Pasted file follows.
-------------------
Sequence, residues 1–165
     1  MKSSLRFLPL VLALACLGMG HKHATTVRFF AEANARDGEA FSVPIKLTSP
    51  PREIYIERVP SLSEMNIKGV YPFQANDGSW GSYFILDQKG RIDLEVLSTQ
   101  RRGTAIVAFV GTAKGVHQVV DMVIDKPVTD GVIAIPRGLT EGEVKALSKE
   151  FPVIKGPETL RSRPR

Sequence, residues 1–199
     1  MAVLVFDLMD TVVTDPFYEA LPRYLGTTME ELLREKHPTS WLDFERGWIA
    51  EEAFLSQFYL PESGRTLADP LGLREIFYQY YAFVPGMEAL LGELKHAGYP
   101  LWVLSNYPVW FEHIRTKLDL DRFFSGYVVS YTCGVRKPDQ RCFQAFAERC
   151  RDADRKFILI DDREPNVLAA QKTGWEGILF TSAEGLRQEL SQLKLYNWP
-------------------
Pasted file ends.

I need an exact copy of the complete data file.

Sequence, residues 1–165
     1  MKSSLRFLPL VLALACLGMG HKHATTVRFF AEANARDGEA FSVPIKLTSP
    51  PREIYIERVP SLSEMNIKGV YPFQANDGSW GSYFILDQKG RIDLEVLSTQ
   101  RRGTAIVAFV GTAKGVHQVV DMVIDKPVTD GVIAIPRGLT EGEVKALSKE
   151  FPVIKGPETL RSRPR

Sequence, residues 1–199
     1  MAVLVFDLMD TVVTDPFYEA LPRYLGTTME ELLREKHPTS WLDFERGWIA
    51  EEAFLSQFYL PESGRTLADP LGLREIFYQY YAFVPGMEAL LGELKHAGYP
   101  LWVLSNYPVW FEHIRTKLDL DRFFSGYVVS YTCGVRKPDQ RCFQAFAERC
   151  RDADRKFILI DDREPNVLAA QKTGWEGILF TSAEGLRQEL SQLKLYNWP